By Saran Kaur Gill
Universiti Kebangsaan Malaysia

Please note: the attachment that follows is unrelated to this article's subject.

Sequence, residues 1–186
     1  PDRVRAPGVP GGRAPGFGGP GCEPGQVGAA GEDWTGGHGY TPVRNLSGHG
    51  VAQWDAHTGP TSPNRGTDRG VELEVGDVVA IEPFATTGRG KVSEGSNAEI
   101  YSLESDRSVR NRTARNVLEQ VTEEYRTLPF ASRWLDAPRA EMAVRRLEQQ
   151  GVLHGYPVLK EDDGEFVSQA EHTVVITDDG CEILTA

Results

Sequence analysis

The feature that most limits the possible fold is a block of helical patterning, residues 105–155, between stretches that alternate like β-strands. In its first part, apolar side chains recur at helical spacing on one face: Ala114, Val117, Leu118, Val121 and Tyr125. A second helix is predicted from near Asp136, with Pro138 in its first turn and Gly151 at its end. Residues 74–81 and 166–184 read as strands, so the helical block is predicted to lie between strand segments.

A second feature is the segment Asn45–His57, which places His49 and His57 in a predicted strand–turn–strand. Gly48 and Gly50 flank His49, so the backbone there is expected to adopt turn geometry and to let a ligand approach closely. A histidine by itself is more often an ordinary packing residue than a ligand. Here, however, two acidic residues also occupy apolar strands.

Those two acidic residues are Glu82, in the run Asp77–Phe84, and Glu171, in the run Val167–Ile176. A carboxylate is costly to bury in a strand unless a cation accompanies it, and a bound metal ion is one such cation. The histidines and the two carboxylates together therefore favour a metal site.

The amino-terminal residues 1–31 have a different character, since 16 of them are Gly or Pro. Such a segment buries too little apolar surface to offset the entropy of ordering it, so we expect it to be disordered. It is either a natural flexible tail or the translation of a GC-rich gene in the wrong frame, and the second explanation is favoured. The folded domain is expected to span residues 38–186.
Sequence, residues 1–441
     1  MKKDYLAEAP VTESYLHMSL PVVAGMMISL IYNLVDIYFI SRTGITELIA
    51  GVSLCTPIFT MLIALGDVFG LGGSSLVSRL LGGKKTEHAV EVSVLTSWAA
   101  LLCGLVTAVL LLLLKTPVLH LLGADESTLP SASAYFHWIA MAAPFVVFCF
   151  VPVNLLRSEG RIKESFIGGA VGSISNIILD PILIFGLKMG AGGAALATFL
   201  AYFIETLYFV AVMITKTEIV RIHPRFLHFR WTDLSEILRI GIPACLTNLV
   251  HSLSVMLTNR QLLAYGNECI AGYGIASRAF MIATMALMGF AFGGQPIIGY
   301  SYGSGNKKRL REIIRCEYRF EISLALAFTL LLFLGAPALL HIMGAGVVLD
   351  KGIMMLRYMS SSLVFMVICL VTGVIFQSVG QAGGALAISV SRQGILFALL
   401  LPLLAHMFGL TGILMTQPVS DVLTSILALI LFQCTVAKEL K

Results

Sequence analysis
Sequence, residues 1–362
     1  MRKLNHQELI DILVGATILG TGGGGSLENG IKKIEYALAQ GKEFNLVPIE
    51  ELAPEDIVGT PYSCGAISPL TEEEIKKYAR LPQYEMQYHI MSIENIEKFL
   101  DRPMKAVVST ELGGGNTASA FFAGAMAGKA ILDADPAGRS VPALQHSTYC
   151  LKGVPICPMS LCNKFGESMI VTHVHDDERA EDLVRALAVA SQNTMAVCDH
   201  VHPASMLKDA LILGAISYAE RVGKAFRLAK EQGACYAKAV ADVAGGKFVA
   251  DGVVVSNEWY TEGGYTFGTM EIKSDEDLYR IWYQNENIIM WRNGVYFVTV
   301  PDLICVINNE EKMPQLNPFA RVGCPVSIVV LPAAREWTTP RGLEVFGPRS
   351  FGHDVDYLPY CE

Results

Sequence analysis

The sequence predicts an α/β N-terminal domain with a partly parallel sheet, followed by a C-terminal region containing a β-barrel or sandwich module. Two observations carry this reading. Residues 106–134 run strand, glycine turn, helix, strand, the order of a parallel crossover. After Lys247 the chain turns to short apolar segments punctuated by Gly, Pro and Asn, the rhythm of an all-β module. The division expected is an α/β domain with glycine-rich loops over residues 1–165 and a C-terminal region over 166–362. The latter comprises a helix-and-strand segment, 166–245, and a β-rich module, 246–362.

Transmigration has been a feature of many nations in the past century and is increasingly attaining prominence in the 21st century. This has resulted in many nations having a greater intensity in the multi-ethnic and multicultural landscape of their citizenry. In many of these nations, loyalty to the nation, does not override all other competing loyalties. “Family, tribe, locality, religion, conscience, economic interest, and a host of other appeals may at any given time and place prevail over national allegiance for particular individuals or groups.” (Emerson, 1959: 97) Therefore this raises the main challenge for nations, irrespective of whether they are newly developing or mature – this is the challenge of ensuring political, sociocultural and economic security amongst its citizenry so that “national allegiance takes precedence over all other claims which may be made upon them when they are confronted by alternative choices of allegiance …” (Emerson, 1959: 97) In this paper, it will be the sociocultural security manifest through linguistic cultural identity that will be focused on. From which bases do mutli-ethnic communities operate in terms of their linguistic cultural identity? Is it that of the nation or is it that of their ethnic communities?
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